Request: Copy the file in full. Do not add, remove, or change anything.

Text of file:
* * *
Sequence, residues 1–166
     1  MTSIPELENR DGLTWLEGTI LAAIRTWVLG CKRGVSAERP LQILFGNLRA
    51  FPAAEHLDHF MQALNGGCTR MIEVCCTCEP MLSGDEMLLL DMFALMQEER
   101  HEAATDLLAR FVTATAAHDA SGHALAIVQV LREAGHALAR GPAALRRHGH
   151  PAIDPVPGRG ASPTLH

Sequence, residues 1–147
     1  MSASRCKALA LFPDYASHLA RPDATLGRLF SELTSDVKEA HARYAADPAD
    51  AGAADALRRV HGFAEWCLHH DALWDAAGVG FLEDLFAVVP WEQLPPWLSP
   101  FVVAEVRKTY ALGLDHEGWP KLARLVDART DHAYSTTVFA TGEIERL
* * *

Sequence, residues 1–166
     1  MTSIPELENR DGLTWLEGTI LAAIRTWVLG CKRGVSAERP LQILFGNLRA
    51  FPAAEHLDHF MQALNGGCTR MIEVCCTCEP MLSGDEMLLL DMFALMQEER
   101  HEAATDLLAR FVTATAAHDA SGHALAIVQV LREAGHALAR GPAALRRHGH
   151  PAIDPVPGRG ASPTLH

Sequence, residues 1–147
     1  MSASRCKALA LFPDYASHLA RPDATLGRLF SELTSDVKEA HARYAADPAD
    51  AGAADALRRV HGFAEWCLHH DALWDAAGVG FLEDLFAVVP WEQLPPWLSP
   101  FVVAEVRKTY ALGLDHEGWP KLARLVDART DHAYSTTVFA TGEIERL